This was the only cruise of its type available in this part of Canada. Summer camps ring the Lake of the Woods, attracting thousands of fishermen and vacationists, both men and women, each year. The Grace Anne II enjoys the advantage of being able to roam the whole lake at will, seeking out the best fishing spots, one at a time, getting to choice fishing areas that cannot be easily reached from any camps.

… Bright and early Monday morning, the launches, light Pioneer boats built by Pratt Marine & Mfg. Co. of Winnipeg, and very sound and seaworthy boats, pulled away from the mother boat to try the shores of Andrew Bay, some 30 miles below Kenora, for tiger muskies, northern pike, and bass.

… Morning and afternoon for the entire week, the launches, each containing two guests and a guide, went off to the fishing grounds. At night, the mother boat would move from one rich fishing area to another.

Appointments of the Grace Anne II took the eyes of the guests. Built more than a decade ago by Ditchburn Boats Ltd. of Orillia, Ont., she originally cost some $85,000. Her decks were of 1-1/2 inch solid Philippine mahogany. Her panelling and joint work were of beautiful Honduras mahogany. She had chrome-plated fittings, including her cleats and chocks. Her accommodations hit a high peak of luxuriousness. She had electric lights. There were bathrooms with hot and cold running water in larger cabins. There were pianos, phonographs, radios, numerous over-stuffed chairs and settees, oriental rugs, beds where one sank into spring-filled mattresses. There was even a library, including autographed copies and first editions.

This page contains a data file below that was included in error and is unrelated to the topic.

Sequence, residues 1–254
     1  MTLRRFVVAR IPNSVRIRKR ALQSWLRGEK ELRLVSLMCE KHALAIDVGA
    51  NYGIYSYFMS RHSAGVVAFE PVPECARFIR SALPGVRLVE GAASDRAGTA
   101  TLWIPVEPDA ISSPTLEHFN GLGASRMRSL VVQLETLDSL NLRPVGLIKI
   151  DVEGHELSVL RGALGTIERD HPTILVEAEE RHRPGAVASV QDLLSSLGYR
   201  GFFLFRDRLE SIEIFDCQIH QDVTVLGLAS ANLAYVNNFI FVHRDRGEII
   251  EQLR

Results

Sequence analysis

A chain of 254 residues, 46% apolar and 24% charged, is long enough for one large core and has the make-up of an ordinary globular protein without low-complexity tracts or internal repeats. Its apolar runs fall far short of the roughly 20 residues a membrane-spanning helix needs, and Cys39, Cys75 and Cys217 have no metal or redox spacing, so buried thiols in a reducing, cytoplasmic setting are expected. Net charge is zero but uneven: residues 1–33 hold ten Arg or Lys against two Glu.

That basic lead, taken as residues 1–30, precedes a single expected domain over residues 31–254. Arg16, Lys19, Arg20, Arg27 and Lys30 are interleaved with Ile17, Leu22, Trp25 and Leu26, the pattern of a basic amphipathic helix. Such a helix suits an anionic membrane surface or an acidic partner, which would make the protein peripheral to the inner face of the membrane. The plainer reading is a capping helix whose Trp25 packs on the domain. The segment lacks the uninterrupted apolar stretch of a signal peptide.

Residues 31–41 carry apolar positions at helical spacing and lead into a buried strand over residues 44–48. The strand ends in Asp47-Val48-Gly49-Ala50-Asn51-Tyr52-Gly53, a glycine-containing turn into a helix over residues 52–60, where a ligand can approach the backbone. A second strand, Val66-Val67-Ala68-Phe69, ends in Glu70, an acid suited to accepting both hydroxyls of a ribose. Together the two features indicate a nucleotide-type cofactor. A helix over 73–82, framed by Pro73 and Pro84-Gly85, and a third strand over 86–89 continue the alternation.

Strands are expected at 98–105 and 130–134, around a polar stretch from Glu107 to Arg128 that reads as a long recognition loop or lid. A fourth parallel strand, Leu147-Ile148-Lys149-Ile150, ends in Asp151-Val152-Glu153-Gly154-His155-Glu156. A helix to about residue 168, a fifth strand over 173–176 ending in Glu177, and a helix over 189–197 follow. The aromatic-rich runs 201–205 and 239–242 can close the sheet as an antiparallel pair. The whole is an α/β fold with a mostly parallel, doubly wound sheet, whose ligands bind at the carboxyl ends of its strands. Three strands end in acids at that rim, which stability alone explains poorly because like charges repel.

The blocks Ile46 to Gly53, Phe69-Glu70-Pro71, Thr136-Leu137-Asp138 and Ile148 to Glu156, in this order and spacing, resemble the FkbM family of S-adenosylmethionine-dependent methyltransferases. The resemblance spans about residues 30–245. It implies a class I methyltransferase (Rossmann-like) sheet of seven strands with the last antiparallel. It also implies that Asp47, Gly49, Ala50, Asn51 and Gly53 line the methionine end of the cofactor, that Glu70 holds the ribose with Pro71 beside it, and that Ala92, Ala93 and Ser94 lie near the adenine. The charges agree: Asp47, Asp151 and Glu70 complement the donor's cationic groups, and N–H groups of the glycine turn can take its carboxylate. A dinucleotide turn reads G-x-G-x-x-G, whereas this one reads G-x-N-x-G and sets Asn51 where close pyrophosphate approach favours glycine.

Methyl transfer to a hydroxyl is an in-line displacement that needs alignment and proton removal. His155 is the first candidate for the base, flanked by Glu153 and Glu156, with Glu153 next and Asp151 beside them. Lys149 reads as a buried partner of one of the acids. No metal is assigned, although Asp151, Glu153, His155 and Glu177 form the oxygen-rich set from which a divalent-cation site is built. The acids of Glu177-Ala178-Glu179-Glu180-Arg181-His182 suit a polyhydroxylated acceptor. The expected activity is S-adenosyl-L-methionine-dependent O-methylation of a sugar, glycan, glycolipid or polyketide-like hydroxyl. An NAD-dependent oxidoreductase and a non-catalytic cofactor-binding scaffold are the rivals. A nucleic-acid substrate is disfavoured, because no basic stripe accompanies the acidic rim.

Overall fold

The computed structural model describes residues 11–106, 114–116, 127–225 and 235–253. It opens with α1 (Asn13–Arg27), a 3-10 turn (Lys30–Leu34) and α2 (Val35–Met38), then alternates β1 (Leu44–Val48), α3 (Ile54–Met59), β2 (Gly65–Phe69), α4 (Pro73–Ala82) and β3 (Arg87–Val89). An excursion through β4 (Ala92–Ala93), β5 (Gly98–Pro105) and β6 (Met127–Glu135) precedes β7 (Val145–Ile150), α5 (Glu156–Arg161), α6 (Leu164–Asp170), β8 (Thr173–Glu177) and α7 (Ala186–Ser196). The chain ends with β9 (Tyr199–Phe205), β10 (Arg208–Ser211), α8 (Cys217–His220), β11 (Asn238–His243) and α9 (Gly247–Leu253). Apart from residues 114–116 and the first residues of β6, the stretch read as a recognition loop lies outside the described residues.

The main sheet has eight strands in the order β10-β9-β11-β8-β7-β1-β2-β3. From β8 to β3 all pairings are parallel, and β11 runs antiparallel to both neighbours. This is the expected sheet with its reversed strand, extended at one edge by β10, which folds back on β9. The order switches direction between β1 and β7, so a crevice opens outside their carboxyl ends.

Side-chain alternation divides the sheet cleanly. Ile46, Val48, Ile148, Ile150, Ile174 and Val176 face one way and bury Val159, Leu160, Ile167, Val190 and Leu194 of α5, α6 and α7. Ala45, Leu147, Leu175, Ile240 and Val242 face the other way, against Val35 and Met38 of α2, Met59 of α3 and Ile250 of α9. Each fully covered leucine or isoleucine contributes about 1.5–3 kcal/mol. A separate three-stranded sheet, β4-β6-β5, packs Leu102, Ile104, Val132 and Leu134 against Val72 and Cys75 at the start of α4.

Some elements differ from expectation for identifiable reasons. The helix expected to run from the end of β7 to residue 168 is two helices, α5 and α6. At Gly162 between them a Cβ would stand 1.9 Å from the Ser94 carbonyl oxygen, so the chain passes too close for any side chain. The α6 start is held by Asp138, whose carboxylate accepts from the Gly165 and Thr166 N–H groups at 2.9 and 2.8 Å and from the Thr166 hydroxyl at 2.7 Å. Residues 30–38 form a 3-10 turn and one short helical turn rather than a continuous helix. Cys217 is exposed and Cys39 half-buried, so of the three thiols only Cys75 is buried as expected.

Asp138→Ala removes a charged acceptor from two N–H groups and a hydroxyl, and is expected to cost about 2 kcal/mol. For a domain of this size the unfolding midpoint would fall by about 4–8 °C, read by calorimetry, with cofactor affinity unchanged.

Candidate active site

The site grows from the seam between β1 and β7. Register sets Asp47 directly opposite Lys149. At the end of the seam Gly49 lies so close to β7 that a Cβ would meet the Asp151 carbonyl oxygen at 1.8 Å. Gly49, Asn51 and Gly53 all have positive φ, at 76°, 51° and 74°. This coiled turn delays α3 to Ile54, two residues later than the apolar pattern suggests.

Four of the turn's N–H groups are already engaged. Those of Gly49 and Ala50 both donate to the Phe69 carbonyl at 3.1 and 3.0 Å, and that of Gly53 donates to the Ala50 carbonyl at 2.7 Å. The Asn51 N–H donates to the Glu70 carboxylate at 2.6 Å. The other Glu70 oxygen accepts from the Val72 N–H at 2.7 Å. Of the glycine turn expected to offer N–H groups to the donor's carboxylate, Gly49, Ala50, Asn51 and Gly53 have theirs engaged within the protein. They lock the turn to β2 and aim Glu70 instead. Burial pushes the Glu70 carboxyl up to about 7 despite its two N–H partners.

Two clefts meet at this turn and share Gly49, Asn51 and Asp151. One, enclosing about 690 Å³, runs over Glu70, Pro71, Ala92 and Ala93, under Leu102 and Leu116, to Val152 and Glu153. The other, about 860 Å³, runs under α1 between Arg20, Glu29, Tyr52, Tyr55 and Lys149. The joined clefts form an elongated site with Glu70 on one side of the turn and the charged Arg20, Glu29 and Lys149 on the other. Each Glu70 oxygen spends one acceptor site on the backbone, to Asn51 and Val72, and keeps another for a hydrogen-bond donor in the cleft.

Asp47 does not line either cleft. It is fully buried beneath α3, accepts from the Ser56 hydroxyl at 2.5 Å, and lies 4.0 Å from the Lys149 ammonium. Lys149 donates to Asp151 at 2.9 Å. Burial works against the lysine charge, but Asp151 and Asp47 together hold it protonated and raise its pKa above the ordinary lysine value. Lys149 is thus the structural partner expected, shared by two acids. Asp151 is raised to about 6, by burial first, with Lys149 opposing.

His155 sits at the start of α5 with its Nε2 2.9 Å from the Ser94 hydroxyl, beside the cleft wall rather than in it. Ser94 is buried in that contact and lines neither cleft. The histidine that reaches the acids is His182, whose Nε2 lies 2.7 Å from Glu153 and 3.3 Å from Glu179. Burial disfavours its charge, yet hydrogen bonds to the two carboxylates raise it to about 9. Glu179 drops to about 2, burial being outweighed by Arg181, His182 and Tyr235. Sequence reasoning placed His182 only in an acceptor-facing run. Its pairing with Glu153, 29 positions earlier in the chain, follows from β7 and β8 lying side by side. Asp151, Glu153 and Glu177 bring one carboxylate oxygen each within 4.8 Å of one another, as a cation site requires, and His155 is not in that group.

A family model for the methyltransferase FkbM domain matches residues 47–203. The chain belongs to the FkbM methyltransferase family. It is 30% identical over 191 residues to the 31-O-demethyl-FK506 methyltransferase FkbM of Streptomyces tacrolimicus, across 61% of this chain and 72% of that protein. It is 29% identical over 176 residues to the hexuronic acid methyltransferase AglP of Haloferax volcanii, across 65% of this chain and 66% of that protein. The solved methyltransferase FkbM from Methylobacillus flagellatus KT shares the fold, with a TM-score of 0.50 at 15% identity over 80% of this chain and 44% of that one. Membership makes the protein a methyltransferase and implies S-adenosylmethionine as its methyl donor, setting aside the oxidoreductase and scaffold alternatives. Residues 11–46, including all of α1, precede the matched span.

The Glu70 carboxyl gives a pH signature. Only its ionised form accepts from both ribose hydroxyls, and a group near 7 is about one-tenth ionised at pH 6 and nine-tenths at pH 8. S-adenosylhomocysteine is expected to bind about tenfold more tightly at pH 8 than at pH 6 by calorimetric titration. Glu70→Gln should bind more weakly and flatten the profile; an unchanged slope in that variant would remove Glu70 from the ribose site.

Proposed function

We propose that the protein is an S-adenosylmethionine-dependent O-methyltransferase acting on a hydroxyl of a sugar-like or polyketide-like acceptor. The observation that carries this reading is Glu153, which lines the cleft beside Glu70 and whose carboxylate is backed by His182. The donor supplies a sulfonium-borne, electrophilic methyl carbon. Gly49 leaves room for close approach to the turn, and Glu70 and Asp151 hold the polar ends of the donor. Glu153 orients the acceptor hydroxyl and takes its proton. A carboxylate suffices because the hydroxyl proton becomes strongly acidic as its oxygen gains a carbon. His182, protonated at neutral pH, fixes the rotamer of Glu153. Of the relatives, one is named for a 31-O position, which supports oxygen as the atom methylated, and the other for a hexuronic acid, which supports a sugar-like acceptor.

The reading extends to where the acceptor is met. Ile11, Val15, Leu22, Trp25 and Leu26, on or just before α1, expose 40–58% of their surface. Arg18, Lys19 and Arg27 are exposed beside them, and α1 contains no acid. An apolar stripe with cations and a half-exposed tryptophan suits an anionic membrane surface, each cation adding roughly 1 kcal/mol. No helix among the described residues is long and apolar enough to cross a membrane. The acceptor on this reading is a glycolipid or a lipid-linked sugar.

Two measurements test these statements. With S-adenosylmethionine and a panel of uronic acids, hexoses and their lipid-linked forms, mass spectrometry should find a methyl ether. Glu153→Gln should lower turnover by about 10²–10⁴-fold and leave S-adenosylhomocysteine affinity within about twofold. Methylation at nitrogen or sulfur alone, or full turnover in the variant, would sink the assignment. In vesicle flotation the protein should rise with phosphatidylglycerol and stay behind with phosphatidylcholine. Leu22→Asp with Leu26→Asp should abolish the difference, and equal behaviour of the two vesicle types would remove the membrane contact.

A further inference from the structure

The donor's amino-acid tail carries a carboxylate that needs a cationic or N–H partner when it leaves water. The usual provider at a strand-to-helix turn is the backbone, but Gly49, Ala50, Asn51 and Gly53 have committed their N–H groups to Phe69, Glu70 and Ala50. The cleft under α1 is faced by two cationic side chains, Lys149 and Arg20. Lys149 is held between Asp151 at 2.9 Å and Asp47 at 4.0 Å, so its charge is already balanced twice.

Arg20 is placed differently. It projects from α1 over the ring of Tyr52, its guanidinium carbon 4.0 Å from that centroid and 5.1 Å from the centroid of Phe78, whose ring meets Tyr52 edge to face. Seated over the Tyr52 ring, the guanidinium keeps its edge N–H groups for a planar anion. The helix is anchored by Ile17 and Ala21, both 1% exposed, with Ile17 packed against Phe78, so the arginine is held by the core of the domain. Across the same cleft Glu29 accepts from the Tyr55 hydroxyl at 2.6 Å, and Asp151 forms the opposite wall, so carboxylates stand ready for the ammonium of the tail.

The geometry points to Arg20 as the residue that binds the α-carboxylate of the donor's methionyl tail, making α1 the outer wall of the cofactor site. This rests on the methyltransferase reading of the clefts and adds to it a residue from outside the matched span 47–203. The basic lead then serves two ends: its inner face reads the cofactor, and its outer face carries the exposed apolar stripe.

Algae was thick in the lake water through last summer, and the word around the lake was that fishing was poor. But everyone of our party caught his or her quota. Biggest catch was an 18-20 pound northern, hauled in by T.F. Martin, retired New York importer.

In the course of fishing, members of the party had a close-up view of Canadian big game in its native surroundings. A huge bull moose came into view on one of the islands as he watched a cow and a calf swimming below. When he spied the fishing launches approaching, he hustled down into the water and shooed the cow and the calf back into the bush. One buck deer went swimming at the same spot each afternoon. Bear tracks were seen.

Outdoor activities included hiking on some of the islands and trap shooting on deck. Evenings were spent swapping yarns, playing games, singing.

All was not entirely song and laughter. It was considered tragic when one of the guests broke a bottle of finest scotch he had in his suitcase. His clothing, films, and books were drenched with liquor. For the rest of the voyage, his cabin and his clothing smelled strongly, but not unpleasantly.

The highlight came Friday evening when Claude A. Cossey, chief engineer and manager, and Jim Sweet, the captain, were joint hosts at the captain’s party. Leonard Thornton, the chef, turned life-of-the-party and staged a dramatic programme using guests as members of the cast. Every mealtime had been the occasion for endless kidding and uproarious laughter. The Friday night party was a terrific howl from start to finish.

Adventures Unlimited cruises will be conducted aboard the Grace Anne II again next year. Present plans are, if arrangements can be made, to include a cocktail bar and a number of other additional services to those given this year.

My fellow guests for that memorable week this year included in addition to Messrs. Alexandre and Martin, Mrs. A.E. Nelson (Winnipeg), Mr. and Mrs. J. Eric Fache (Winnipeg), and Mr. and Mrs. Robert Hayner (St. Paul, New Mexico).

Crew members included Stan Siver, steward; and Robert Budd, Johnny Smith, and Erwin Villeneuve, guides.

Did you know?

During the Second World War German prisoners of war were brought to the Lake of the Woods area to cut wood for the local mills.  Many of the prisoners enjoyed their time in the Canadian wilderness, and a number of them immigrated to Canada when the war ended.